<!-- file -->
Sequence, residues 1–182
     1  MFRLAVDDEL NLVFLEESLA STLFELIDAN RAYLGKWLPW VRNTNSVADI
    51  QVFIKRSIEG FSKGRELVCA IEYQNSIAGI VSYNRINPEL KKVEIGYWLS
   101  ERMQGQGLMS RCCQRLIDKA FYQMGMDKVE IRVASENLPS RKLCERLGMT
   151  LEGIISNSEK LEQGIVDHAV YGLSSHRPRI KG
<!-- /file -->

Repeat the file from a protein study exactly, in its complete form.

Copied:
Sequence, residues 1–182
     1  MFRLAVDDEL NLVFLEESLA STLFELIDAN RAYLGKWLPW VRNTNSVADI
    51  QVFIKRSIEG FSKGRELVCA IEYQNSIAGI VSYNRINPEL KKVEIGYWLS
   101  ERMQGQGLMS RCCQRLIDKA FYQMGMDKVE IRVASENLPS RKLCERLGMT
   151  LEGIISNSEK LEQGIVDHAV YGLSSHRPRI KG